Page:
Many of Central’s lecturers bring to the classroom broad and deep skill sets and experience from several industries. This is perfectly illustrated by ESL lecturer Anne Hairsine, whose life has taken her from cruise liners, to Dampier, to the UK, to Tasmania and even a spell in the heart of Papua New Guinea. She’s had a theatre named after her and even finds time to work as a marriage celebrant. I recently had time to catch up with Anne and delve into her rich and varied CV and find out a bit about what she has learned over the years about teaching…
What are you currently teaching at Central?
Mainly oral communication. I just love it because you are able to make a difference to migrants making a new start, in a new country. I have nothing but admiration for them. Communication, of course is not just about the words – we can tell a story just by using our face and bodies. But hopefully what we teach in this course can give them the confidence to tackle anything.
Do your students come from all over the world?
Absolutely. From everywhere. We are currently getting a lot from Europe, especially the countries currently facing financial issues such as Spain, Italy, Greece, Romania. A lot of them are highly professional, physios, doctors, psychiatrists and so on and are coming over here for the sake of their families. They have made these big sacrifices because they feel their children will have better opportunities here.
Do specific nationalities tend to struggle with specific sounds?
Yes. Whenever anyone tackles a new language, there are certain sounds in the new language that are not present in their first language. “Th” and “the” as in “breath” and “them” are the most problematic, but there are many others. Most languages have between 8 and 10 vowels and diphthongs and English has 22! Of course many people think if you can speak English you can teach pronunciation but it is like learning any new skill, you need to learn, understand and practice new techniques. I always use the example of learning to play tennis. You can’t just pick up a racket and play like Roger Federer.
Do you have fun exercises to tackle issues?
We certainly do. To make the (to the students) new sounds of /f/ and /v/ I say, “Bite your bottom lip, show me your teeth, make like a rabbit, and now blow… f f f .” A whole class imitating a rabbit is quite a sight and we all look so ridiculous we can’t help but fall about laughing. But once they practice at home and suddenly master the mechanics of producing the sound, it’s great. I think one of the secrets of why this course is working, is we have such good fun and laugh a lot. Who cares if we look silly? We are helping each other to communicate and learn the mechanics of producing understandable speech.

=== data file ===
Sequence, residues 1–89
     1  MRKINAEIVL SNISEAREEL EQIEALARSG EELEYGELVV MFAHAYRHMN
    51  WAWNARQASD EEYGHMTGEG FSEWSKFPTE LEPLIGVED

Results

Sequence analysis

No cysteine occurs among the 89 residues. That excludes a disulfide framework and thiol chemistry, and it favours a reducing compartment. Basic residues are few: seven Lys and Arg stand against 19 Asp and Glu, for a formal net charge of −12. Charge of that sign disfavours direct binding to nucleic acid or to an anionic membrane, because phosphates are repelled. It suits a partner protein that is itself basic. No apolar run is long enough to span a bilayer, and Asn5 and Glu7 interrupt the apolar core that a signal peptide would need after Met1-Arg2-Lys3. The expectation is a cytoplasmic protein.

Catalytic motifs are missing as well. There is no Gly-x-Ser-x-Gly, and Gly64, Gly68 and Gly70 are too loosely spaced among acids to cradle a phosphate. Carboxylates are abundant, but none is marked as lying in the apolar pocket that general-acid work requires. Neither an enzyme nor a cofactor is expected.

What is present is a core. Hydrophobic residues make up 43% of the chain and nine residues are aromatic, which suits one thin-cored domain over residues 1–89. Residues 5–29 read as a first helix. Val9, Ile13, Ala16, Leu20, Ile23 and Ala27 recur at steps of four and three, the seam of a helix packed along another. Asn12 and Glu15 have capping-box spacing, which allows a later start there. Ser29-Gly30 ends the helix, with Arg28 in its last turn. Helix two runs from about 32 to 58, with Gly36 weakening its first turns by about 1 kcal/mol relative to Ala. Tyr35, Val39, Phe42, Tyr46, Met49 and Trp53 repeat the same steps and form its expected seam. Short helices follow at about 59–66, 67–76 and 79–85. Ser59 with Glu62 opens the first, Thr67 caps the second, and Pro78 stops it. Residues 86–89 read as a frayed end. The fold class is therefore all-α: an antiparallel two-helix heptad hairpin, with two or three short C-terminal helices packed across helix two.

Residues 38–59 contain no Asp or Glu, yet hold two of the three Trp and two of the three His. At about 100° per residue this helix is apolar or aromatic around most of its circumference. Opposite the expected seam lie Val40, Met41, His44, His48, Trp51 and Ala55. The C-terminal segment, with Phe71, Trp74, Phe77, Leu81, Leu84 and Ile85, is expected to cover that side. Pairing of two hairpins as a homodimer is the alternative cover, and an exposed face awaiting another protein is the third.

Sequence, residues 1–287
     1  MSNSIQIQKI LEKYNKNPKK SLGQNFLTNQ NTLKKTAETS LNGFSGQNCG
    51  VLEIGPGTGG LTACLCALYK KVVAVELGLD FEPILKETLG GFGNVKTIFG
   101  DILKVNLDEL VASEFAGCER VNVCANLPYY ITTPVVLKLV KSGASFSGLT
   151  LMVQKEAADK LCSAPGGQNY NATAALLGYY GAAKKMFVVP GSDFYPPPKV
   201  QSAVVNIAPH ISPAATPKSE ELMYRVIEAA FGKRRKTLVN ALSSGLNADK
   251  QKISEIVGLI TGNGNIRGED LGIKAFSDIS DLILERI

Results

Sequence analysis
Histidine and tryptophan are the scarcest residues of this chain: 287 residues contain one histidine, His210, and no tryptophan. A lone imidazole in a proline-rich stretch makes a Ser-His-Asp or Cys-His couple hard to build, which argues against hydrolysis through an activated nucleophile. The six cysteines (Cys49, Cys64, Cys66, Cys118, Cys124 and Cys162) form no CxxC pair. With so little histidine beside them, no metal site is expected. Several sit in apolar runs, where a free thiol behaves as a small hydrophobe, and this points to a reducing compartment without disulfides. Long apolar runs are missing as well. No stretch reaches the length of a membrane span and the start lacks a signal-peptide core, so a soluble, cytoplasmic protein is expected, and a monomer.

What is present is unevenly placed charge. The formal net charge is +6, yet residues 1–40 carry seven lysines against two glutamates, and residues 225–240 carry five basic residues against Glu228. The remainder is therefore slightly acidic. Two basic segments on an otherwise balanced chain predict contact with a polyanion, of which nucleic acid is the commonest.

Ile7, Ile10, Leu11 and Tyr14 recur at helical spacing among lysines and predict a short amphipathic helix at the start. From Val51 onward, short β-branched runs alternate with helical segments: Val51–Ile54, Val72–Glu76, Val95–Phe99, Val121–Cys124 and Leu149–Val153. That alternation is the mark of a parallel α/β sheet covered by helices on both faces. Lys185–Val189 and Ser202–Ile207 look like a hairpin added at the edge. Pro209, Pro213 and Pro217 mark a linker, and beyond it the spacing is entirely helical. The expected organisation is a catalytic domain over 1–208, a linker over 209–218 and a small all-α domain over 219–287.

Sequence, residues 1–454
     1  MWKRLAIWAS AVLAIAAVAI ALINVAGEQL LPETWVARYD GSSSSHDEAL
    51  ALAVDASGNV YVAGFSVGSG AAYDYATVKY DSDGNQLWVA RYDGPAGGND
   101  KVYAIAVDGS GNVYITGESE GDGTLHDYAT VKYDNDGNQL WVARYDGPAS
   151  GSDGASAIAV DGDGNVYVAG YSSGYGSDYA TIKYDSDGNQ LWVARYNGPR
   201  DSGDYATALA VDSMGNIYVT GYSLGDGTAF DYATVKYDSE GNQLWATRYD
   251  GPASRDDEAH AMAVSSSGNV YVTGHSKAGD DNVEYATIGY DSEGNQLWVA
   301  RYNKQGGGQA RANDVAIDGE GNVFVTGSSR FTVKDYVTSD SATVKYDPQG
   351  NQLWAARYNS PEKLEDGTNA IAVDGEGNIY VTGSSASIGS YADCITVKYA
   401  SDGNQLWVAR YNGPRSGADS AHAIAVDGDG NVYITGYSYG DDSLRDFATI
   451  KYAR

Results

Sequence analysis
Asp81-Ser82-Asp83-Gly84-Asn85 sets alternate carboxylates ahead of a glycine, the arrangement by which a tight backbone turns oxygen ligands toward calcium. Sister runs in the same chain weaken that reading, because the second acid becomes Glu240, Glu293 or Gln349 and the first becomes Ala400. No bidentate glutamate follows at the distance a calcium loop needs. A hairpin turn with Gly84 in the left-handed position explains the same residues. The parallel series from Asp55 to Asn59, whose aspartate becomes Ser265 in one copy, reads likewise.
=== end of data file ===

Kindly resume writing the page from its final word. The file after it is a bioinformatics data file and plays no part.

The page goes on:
How long are they with you?
The courses all vary in length. We are starting a new Certificate IV course in 2016 – Pronunciation for Further Studies. We are currently designing the course and assessments and are very excited about that.
It sounds like if you have introverted people coming from a new country, the fact that you involve the whole group in collective fun exercises enables the more shy people to give it a go and have fun and relax.
Yes there are certain cultures that are traditionally a little more reserved. They start off seeing me as the guru at the front, while they are the student, but that dynamic soon changes and they realise it is all about collaboration and teamwork.
I also take them out to special events, preferably free ones, outside of class time. For several years WAAPA has put on a Shakespearean play in the courtyard of the State Theatre. I make sure they are familiar with the story before our visit.
The first year I did this, an Afghani student took several of his mates, and other students took their families to other sessions. I was thrilled because they took the initiative and shared their experience and knowledge. There are often events over at the State Library, the Art Gallery and the Museum and so the students become familiar with opportunities within the community.
So you enjoy coming here?
I certainly do. Friends often ask: “When are you are going to retire?” My standard reply is: “The day I wake up and feel I can’t be bothered to get out of bed!” So far, I always wake up and think “Oh, who have I got the pleasure of working with today?” It’s delightful. Makes living worthwhile. To give you one example, one Japanese girl is now working as a volunteer at Princess Margaret Hospital. She’s helping the teachers and consolidates the work with the sick kids after the teacher has left. In a recent feedback survey, she said how much the course has helped her because she now knows she can speak well and has the confidence to speak to the parents. It’s these stories that are so rewarding. Ones that prove that we are making a difference not just to the students, but also to our community